Brain pattern flexibility and behavior
The scientists analyzed an extensive data set of brain region connectivity from the NIH-funded Human Connectome Project (HCP) which is mapping neural connections in the brain and makes its data publicly available.
Butterflies: Agonistic display or courtship behavior?
A study shows that contests of butterflies occur only as erroneous courtships between sexually active males that are unable to distinguish the sex of the other butterflies.
Sedentary behavior associated with diabetic retinopathy
In a study published online by JAMA Ophthalmology, Paul D.
Curiosity has the power to change behavior for the better
Curiosity could be an effective tool to entice people into making smarter and sometimes healthier decisions, according to research presented at the annual convention of the American Psychological Association.
Campgrounds alter jay behavior
Anyone who's gone camping has seen birds foraging for picnic crumbs, and according to new research in The Condor: Ornithological Applications, the availability of food in campgrounds significantly alters jays' behavior and may even change how they interact with other bird species.
A new tool for forecasting the behavior of the microbiome
A team of investigators from Brigham and Women's Hospital and the University of Massachusetts have developed a suite of computer algorithms that can accurately predict the behavior of the microbiome -- the vast collection of microbes living on and inside the human body.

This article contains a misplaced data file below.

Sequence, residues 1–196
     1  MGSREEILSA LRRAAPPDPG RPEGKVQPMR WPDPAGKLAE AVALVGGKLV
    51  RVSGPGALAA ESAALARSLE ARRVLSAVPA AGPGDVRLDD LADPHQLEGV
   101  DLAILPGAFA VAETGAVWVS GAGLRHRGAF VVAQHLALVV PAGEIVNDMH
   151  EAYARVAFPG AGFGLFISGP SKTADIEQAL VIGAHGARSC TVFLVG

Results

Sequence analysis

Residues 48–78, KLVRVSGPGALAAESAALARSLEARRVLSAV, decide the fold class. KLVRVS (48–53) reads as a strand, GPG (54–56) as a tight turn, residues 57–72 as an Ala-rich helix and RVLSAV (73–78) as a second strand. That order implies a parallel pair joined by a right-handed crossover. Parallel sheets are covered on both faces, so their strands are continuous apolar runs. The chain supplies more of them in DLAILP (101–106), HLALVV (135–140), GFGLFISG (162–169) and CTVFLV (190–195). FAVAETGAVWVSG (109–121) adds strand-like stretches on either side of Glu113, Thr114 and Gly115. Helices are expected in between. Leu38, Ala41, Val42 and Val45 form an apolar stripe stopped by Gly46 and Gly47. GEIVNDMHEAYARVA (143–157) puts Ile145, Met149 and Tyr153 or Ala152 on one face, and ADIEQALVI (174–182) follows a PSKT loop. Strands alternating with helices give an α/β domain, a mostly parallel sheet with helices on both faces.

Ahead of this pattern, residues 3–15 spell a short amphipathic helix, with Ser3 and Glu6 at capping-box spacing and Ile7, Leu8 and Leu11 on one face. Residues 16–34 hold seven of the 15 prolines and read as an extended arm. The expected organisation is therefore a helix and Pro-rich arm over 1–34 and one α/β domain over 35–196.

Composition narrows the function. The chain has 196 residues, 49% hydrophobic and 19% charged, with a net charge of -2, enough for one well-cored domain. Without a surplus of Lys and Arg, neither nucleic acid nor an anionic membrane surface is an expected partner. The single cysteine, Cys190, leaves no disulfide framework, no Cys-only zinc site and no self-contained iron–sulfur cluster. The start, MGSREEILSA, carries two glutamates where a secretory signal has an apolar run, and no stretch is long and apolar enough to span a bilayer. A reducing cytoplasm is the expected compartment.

Is risk-taking behavior contagious?
Why do we sometimes decide to take risks and other times choose to play it safe?
Neural connectivity dictates altruistic behavior
A new study suggests that the specific alignment of neural networks in the brain dictates whether a person's altruism was motivated by selfish or altruistic behavior.

Related Behavior Reading:

Best Science Podcasts 2019

We have hand picked the best science podcasts for 2019. Sit back and enjoy new science podcasts updated daily from your favorite science news services and scientists.
Now Playing: TED Radio Hour

Climate Crisis
There's no greater threat to humanity than climate change. What can we do to stop the worst consequences? This hour, TED speakers explore how we can save our planet and whether we can do it in time. Guests include climate activist Greta Thunberg, chemical engineer Jennifer Wilcox, research scientist Sean Davis, food innovator Bruce Friedrich, and psychologist Per Espen Stoknes.
Now Playing: Science for the People

#527 Honey I CRISPR'd the Kids
This week we're coming to you from Awesome Con in Washington, D.C. There, host Bethany Brookshire led a panel of three amazing guests to talk about the promise and perils of CRISPR, and what happens now that CRISPR babies have (maybe?) been born. Featuring science writer Tina Saey, molecular biologist Anne Simon, and bioethicist Alan Regenberg. A Nobel Prize winner argues banning CRISPR babies won’t work Geneticists push for a 5-year global ban on gene-edited babies A CRISPR spin-off causes unintended typos in DNA News of the first gene-edited babies ignited a firestorm The researcher who created CRISPR twins defends...